Doctors diagnose NEC after using an abdominal X-ray to identify pneumatosis—gas or air bubbles in the wall of the intestine that are formed from bacteria that seed into the damaged intestinal walls. Air bubbles in the veins that go to the liver, or air outside of the intestines in the abdominal cavity, are also signs of trouble.
“Air is supposed to be inside the gut, but if it gets inside the wall of the bowel, that’s the sign of intestinal injury,” says Dr. Gayer.
Physicians can also determine if an infant is experiencing NEC is by conducting basic blood tests; in some cases, blood panels may reveal lower-than-usual numbers of infection-fighting white blood cells and low counts of platelets, which normally help form blood clots.
How do doctors treat it?
Once doctors diagnose NEC, they give the gut time to relax by stopping feeding and suctioning the stomach. After that, the infants are fed intravenously to avoid using the gastrointestinal tract altogether, allowing time for the intestines to heal. Doctors also prescribe a broad spectrum of antibiotics to cover many different bacteria, since they don’t know which ones are causing the condition.
“We hope the combination of treatment and the baby’s own immune system can reverse the trend,” says Dr. Gayer.
Over the course of antibiotics, doctors perform frequent examinations and X-rays of the abdomen. These tests generally are sufficient in determining how the infant is responding.
Infants who respond to this treatment often can resume feedings by mouth in five to seven days, or when signs of the infection have disappeared. Infants who have more severe disease may require a longer period for the return of bowel function, which is determined by the presence of normal bowel movements.
When is surgery necessary?
About 25 percent of infants who develop NEC will need to have infected sections of the intestine removed. Dr. Gayer says these surgeries are complicated, since the babies weigh no more than 3 to 5 pounds.
In many cases, a hole in the intestinal wall leads to spillage of stool into the abdomen. In addition to removing necrotic bowel, a surgeon often will not attach the bowel back together, but instead bring the bowel out to the skin. This is known as an ostomy. Following the surgery, patients will make bowel movements out of a stoma into a bag until they have recovered from the infection—usually about 6 to 8 weeks. At that point patients can undergo a second surgery to reverse the stoma and reconnect the intestine.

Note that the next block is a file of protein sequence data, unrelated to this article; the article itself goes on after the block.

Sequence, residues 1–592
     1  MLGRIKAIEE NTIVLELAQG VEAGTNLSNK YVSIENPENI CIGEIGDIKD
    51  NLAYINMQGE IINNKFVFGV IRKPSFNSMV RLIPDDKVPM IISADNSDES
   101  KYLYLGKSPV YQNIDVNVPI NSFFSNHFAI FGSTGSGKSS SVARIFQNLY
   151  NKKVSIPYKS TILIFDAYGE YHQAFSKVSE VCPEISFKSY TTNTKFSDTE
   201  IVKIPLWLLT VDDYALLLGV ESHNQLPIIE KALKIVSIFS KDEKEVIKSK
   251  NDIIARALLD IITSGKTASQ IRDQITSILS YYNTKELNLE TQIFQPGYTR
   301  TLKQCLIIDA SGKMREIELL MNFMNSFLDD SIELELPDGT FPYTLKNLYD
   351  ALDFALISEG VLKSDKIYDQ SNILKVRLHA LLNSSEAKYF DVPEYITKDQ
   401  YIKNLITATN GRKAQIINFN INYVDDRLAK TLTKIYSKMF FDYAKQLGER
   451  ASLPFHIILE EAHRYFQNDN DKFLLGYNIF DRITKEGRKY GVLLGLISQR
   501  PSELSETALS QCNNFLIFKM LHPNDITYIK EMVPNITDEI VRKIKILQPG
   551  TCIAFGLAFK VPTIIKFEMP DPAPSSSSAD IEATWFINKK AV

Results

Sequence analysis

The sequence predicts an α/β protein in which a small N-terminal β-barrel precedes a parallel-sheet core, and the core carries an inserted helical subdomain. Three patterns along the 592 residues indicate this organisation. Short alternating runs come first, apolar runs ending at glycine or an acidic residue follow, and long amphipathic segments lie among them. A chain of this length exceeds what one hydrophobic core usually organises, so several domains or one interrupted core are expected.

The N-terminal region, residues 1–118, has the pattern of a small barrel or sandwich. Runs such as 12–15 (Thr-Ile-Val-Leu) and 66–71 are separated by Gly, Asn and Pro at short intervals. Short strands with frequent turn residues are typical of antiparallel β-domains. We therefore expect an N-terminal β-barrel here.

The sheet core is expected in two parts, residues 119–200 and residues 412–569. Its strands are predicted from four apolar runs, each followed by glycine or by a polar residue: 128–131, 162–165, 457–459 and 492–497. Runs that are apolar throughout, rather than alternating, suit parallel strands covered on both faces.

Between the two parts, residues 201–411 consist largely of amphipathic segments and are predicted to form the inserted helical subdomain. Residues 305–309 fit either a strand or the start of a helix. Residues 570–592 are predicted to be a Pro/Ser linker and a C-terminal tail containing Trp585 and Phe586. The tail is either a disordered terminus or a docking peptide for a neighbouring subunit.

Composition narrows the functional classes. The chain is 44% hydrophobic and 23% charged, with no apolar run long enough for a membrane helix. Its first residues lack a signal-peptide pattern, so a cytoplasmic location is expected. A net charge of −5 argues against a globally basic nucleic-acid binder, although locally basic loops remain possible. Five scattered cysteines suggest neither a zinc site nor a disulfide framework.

Surgery is not a guarantee of survival. Roughly 40 percent of babies who need surgery for NEC don’t survive. Those who survive surgery can be at risk for other long-term problems.
“Premature infants are born with challenges,” he said. “When you add NEC to the list of complications that can include congenital heart disease and some degree of lung disease, there are just a lot of things that can go wrong.”
What is the future of NEC treatment?
New treatments for NEC are on the horizon.
CHLA researchers are investigating the possibility of administering probiotic bacteria to promote colonization of “normal” or healthy bacteria, and oppose the effects of the bacteria that cause infections. Other promising treatments include blocking the production of nitric oxide, which is produced in high quantities during NEC and contributes to the destruction of the intestinal wall.
“Can we give some kind of medication that will prevent a hyperactive immune response, so we don’t get the kind of overwhelming intestinal inflammation that we see in NEC?” asks Dr. Thai. “We’re not at a point where we know how the immune system is working in a preterm infant, but people have been investigating to see if we can target one particular component of the immune system to prevent the hyperreactive response and resulting overwhelming inflammation we see.”
Until detection methods improve, Dr. Gayer says that doctors will err on the side of treating for NEC even if they’re not certain an infant has developed it, since the consequences of NEC progressing are so devastating. They will also continue to raise awareness about the disease and how treatable it is.
“The biggest misconception is that this is a death blow,” he said. “It’s not. Babies can recover and live a normal life. Nobody would ever be able to tell there was anything wrong.”
Learn more about our Newborn and Infant Critical Care Unit.